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International Headlines, Domestic Problems: India And Hunger Issues

According to the NHFS, 42 per cent of adolescent girls aged 15 to 19 have a low body mass index (BMI), while 54 per cent have anaemia.

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After criticism from several quarters of the society including the opposition for poor ranking in the Global Hunger Index, the Indian government termed the methodology used in the GHI report as 'unscientific.'

However, the result of the fifth round of the National Family Health Survey (NHFS) by the Government of India conducted 2019-20 is not different. The findings of the report were released in December 2020, in the middle of the Coronavirus pandemic. According to the survey, chronic malnutrition has increased in 11 out of the 17 states surveyed. 

Wasting, indicative of acute malnutrition has also increased in 13 of 17 states surveyed. The report underlined that children with such malnutrition are more vulnerable to illness and disease. The percentage of underweight children increased in 11 of the 17 states. Talking about the state of Bihar and Gujarat, the report said that 40 per cent of children under the age of five were underweight.

"We think that the government needs to start talking about solutions based on what the evidence shows. NHFS data clearly shows that malnutrition is a problem in India and an acute one. Mothers are married too young and are themselves chronically malnourished," said the Lead of Research and Knowledge Building at Oxfam India, Varna Sri Raman. 

According to the NHFS, 42 per cent of adolescent girls aged 15 to 19 have a low body mass index (BMI), while 54 per cent have anaemia.  

"OXFAM has always believed that issues of nutrition are intimately tied with issues of public health, food choices, availability, access limited by caste and class, education and more. At the centre of India’s food security and nutrition crisis is poor policy that does not look at the long-term consequences of where we are headed," said Raman. 

While talking about Prime Minister Modi government stand on the GHI report, Raman said that the GHI is an index that is an amalgamation of different indicators (wasting, stunting, height, weight and malnutrition in this case) and data sources based on certain weights judgments. To that extent, it is subjective but definitely not unscientific. "The methodology of the index is open and available and its indicators, for India, are based on robust and representative government-led on-ground surveys, one of which is the National Family Health Survey (NHFS)," said Raman. 

Raman further said that the centrepiece of the government’s accusations of the GHI’s incorrect methodology is that the pandemic period is not included and government efforts to provide food during the pandemic period have not been acknowledged. "However,  NHFS data shows that the nutritional crisis predates the pandemic i.e. the data round pertains to the second half of 2019 only and excludes states such as UP, MP, Punjab and Jharkhand which saw huge death tolls in the second wave," said Raman.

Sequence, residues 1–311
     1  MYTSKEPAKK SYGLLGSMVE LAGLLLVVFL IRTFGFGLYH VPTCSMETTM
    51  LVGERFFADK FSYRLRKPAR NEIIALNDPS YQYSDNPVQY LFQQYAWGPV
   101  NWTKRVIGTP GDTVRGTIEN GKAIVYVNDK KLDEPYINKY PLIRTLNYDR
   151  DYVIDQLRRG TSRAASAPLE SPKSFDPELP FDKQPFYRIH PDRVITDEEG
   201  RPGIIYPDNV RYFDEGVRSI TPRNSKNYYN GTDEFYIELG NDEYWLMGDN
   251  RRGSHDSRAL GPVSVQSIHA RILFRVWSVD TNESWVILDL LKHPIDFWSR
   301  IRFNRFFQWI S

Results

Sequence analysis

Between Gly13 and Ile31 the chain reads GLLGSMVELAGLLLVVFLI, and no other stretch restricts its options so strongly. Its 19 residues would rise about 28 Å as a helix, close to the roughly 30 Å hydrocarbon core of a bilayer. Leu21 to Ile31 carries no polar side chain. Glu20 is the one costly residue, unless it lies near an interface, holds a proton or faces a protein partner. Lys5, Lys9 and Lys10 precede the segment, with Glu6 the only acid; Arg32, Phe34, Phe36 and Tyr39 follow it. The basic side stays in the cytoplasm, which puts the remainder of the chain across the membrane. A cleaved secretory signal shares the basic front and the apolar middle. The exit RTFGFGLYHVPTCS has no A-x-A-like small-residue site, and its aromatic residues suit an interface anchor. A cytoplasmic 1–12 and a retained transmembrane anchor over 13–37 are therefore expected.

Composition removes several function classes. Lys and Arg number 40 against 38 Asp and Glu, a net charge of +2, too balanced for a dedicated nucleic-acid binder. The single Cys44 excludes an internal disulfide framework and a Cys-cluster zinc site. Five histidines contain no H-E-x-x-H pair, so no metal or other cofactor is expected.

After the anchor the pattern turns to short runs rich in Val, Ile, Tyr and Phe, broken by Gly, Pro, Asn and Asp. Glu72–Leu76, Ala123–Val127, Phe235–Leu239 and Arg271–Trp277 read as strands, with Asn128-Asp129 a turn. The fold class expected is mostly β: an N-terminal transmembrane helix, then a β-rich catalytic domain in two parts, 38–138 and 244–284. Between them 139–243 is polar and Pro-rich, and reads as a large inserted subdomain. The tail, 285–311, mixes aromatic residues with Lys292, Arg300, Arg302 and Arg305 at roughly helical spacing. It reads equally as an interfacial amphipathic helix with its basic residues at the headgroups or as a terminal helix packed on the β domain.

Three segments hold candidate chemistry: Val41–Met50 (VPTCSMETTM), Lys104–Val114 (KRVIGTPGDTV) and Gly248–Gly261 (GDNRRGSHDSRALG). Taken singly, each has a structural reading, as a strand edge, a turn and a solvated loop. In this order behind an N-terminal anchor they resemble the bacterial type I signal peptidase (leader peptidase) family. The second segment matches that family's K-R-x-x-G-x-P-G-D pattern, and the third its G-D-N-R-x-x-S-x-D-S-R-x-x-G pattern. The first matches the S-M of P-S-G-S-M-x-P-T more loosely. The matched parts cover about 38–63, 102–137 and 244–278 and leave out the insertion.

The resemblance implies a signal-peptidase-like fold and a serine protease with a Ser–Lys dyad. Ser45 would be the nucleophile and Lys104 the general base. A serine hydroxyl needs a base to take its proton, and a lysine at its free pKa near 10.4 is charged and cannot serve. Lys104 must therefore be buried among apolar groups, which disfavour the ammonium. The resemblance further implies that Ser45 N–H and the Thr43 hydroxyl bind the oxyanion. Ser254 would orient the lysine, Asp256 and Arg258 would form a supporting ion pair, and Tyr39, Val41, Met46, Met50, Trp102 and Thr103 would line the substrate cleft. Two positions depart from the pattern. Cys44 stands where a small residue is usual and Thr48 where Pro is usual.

In the last few years, India has witnessed stunning growth, as Gross Domestic Product has increased along with per capita consumption. Similarly, food grain production has increased almost 2 times. Despite steady industrial and economic growth, it is not able to provide access to food to a large number of people, especially women and children.

Raman believes that the social determinants of nutrition and health need to be looked at as a whole. Some of the areas that need urgent attention are mothers’ nutrition, anaemia, low weight and consequential low birth-weight babies, meal diversity, food security and so on. 

"There are massive negative consequences to not arresting high levels of malnutrition. In India, both our adult population and our children are at risk. For instance, the BMI of a quarter of our (teenage and middle-aged) women is below the standard global norm, more than half of our women suffer from anaemia and a quarter of our (teenage and middle-aged) men show signs of iron and calcium deficiencies as per the latest round of NHFS data," he said. 

The budget this year discussed India’s POSHAN scheme with “increased” allocations to Poshan 2.0, however the POSHAN Abhiyaan that was launched in 2017 to improve nutrition among children, pregnant women and lactating mothers has only languished due to poor funding resulting from clever clubbing with other schemes within the health-budget and even worse implementation, Raman mentioned 

Only 0.57 per cent of the current budget has been allocated toward funding the actual Poshan scheme and the amount for child nutrition dropped by a whopping 18.5 per cent compared to 2020-21, indicated figures.  "If the current status of nutrition of our citizenry is worsening and the outcomes for public health are poor this will cascade into a poor family and labour-market outcomes for the whole population," said Raman.

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